I read an article at Triablogue that was similarly critical of this Exodus video. There is a really god series on interpreting the Book of Exodus on the naked Bible podcast. They’re nearly finished now.

    An interesting comment was made about the Ark of the Covenant, that I had not considered before. Why, when all the other elements are drawn from Egypt (as you would expect) – but repurposed for Israel’s relationship with Yahweh, is the term cherubim used, since that term is actually Akkadian? We’ll probably never know the answer, but Dr Heiser theorised that this might be later editing, that Moses used an Egyptian word, but that a later editor during the Babylonian Exile thought this word might lose its meaning in later generations, so he inserted the Akkadian term instead to preserve the meaning, since a karibu is a throne guardian -same function.

    Alternatively, perhaps the term cherub was already in the Israelites’ lexicon by that point and Moses chose this term to make sure that no one carried over religious ideas from Egypt that were incompatible with the cult of Yahweh. Anyyway, I’d recommend the two podcast episodes on the Ark, but the other ones also tackle the kinds of question raised by Fr Casey.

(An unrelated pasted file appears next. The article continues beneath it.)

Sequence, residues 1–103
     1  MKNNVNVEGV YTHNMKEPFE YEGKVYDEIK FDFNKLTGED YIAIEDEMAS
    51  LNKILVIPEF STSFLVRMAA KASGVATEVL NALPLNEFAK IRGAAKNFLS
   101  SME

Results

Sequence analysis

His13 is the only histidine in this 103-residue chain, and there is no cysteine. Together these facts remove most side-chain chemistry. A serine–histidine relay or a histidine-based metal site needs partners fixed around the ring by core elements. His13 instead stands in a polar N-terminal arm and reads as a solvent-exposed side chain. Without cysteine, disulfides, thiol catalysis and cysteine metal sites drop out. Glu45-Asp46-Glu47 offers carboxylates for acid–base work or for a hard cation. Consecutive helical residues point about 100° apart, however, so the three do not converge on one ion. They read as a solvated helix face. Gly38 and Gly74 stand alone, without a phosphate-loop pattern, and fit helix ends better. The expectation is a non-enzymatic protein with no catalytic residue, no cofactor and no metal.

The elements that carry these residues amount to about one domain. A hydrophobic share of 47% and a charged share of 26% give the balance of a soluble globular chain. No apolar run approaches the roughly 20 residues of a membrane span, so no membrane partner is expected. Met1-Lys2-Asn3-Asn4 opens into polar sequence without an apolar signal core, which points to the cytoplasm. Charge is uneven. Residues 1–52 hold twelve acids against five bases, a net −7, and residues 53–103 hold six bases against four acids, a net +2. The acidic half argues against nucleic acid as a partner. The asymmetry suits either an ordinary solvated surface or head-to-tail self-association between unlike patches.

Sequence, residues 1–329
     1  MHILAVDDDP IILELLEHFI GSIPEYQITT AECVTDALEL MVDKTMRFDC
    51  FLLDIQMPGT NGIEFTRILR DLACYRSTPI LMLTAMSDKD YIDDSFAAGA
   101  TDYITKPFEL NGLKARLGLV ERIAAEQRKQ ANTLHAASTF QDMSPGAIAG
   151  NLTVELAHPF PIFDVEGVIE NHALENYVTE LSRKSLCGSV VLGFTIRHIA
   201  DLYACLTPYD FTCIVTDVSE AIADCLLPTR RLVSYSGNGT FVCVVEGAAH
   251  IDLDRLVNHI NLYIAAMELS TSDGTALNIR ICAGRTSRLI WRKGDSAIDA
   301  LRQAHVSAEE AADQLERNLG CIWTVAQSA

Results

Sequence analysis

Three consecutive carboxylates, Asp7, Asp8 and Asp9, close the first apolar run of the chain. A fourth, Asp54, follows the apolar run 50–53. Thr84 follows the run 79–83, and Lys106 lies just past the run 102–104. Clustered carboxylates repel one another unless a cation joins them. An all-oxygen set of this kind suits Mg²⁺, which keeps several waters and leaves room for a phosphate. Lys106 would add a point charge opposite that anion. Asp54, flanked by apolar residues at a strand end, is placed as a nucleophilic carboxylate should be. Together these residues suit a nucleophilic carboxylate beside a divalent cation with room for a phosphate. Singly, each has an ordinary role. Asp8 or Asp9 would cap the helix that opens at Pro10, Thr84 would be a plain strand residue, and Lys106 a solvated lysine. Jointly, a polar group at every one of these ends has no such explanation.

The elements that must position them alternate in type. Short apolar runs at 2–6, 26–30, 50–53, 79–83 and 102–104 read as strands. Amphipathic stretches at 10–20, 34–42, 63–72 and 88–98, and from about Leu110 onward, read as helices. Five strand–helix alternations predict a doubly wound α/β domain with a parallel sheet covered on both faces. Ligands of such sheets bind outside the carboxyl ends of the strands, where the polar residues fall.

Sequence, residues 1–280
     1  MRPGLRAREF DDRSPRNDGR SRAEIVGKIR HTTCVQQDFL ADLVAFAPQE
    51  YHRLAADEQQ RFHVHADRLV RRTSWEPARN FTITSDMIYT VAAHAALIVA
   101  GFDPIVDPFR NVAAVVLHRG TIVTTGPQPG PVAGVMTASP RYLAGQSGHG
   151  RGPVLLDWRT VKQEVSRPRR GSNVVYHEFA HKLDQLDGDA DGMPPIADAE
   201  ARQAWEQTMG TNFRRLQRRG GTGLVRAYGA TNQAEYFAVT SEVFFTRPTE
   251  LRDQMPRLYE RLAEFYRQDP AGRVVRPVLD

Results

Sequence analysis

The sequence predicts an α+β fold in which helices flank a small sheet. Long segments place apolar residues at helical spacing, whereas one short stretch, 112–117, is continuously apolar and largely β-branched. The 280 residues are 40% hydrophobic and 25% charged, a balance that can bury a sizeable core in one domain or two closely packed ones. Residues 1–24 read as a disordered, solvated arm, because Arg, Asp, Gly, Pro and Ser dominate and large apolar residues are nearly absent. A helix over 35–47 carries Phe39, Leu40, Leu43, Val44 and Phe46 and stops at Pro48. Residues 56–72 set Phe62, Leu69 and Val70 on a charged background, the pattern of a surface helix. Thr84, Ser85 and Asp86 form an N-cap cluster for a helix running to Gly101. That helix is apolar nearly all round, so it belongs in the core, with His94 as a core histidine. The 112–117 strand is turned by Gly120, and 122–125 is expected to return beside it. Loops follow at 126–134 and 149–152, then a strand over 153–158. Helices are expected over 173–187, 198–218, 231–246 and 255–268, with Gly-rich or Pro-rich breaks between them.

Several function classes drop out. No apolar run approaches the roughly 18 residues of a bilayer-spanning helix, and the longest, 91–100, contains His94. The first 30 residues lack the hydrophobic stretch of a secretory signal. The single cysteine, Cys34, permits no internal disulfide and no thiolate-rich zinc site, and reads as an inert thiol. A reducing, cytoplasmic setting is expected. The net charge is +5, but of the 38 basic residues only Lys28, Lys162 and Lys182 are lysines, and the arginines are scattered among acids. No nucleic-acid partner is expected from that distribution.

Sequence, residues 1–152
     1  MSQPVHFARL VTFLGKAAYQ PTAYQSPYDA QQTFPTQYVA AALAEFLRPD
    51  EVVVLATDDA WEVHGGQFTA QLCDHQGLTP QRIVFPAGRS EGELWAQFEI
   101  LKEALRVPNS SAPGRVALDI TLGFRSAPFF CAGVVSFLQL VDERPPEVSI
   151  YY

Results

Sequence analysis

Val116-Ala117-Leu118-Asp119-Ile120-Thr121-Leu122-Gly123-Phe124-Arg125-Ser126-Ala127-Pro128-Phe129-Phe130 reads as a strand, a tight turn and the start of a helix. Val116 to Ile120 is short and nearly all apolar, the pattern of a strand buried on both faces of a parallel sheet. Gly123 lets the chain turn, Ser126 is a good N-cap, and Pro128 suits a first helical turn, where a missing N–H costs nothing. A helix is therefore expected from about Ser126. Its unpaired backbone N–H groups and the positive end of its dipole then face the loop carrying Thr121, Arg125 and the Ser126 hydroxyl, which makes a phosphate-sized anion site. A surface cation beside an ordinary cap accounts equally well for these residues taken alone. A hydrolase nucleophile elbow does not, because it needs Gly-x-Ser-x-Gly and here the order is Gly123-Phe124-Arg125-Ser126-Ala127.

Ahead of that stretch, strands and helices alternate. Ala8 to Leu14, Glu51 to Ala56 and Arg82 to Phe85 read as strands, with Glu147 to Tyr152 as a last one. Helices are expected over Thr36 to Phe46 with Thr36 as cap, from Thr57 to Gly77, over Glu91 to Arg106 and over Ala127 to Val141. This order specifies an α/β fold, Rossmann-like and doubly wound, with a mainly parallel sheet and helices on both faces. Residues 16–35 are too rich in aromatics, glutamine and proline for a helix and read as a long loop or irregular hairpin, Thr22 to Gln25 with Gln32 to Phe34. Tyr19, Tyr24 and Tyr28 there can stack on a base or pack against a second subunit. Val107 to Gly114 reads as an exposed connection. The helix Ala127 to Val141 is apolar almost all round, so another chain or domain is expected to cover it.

Liked by 2 people

    1. That is an interesting thesis on the development of language and Akkadian in the text.

      There’s a string in modern Catholicism and Protestantism that want pretend that the historicity is a question that doesn’t matter. In fact, I use to think Pope Benedict XVI was a fairly conservative theologian; however, he’s what I’d describe as Neo-Conservative–a conservative of the New Theology. The fact of the matter is that Hebrews to 1st century Palestinians read the Exodus as history. In fact, even Jesus acts in the Gospels that the Exodus and Moses are historical. Fr. Casey seems to simply forego the mention of it and it’s a fact that he simply cannot sweep under the rug while presenting his Youtube theology.